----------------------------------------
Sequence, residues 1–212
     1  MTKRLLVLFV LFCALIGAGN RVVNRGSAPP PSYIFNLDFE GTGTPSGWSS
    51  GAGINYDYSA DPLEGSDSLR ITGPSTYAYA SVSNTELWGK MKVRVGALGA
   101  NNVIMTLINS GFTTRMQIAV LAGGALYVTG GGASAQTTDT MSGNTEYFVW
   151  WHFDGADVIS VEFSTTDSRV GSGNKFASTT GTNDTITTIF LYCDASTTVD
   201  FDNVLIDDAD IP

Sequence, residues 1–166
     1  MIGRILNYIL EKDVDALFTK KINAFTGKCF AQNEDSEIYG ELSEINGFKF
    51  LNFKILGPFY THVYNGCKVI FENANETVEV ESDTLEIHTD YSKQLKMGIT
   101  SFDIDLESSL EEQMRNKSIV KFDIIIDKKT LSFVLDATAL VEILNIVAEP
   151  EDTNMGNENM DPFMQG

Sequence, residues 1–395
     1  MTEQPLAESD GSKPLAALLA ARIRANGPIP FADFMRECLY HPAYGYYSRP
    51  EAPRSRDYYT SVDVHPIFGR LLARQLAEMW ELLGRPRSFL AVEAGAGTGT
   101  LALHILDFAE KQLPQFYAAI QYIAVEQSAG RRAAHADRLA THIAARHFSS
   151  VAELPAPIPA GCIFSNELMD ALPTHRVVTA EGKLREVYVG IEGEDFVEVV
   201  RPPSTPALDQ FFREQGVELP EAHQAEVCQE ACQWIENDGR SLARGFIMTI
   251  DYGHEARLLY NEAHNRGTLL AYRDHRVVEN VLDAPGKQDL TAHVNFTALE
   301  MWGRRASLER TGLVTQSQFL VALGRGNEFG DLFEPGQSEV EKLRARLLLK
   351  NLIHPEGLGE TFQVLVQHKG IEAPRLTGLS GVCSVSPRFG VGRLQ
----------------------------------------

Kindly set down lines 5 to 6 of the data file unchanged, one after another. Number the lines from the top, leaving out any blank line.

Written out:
   151  WHFDGADVIS VEFSTTDSRV GSGNKFASTT GTNDTITTIF LYCDASTTVD
   201  FDNVLIDDAD IP